Social identity is a means to an end, the end being the maintenance of a community with flexible but strong boundaries. Ultimate objectives of social identity therefore include mutual protection against perceived threats, and strategic sharing of resources. This is why social identity often transcends geographic boundaries; in a globalized world, geo-political boundaries are actually less significant than social identity. The concept of social identity therefore becomes strongly connected with the sociological needs of in-group/out-group status and consciousness. Historically social identity was forged via top-down methods, within hierarchical societies. Usually the process of social identity formation occurred via political elites or rulers who "established their identity by differentiating themselves downwards," (Geller and Beruilly 47). Eventually, social identity becomes a self-perpetuating phenomenon with "ruled micro-communities" differentiating themselves "laterally from their neighbors," (Gellner and Breuilly 47).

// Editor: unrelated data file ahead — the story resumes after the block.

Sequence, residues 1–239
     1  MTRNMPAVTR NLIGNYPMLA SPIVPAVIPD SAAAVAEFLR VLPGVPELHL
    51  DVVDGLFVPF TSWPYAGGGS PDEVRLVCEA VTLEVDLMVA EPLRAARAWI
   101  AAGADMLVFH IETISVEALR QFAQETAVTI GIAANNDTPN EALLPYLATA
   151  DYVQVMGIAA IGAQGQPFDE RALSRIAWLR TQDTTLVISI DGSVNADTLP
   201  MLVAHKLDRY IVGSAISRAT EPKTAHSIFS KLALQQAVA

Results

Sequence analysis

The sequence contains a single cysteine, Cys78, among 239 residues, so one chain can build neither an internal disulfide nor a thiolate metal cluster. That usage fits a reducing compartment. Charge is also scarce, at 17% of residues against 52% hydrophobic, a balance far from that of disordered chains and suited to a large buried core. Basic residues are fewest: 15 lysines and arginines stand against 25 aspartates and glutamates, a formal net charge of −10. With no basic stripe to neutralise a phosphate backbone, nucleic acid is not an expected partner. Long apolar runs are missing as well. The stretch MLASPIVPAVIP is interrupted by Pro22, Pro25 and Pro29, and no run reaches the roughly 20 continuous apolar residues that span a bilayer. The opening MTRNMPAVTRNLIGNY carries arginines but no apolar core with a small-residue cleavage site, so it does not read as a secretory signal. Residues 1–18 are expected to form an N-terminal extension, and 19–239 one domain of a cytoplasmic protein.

In other words, an in-group/out-group consciousness seems essential to community construction and is embedded in...
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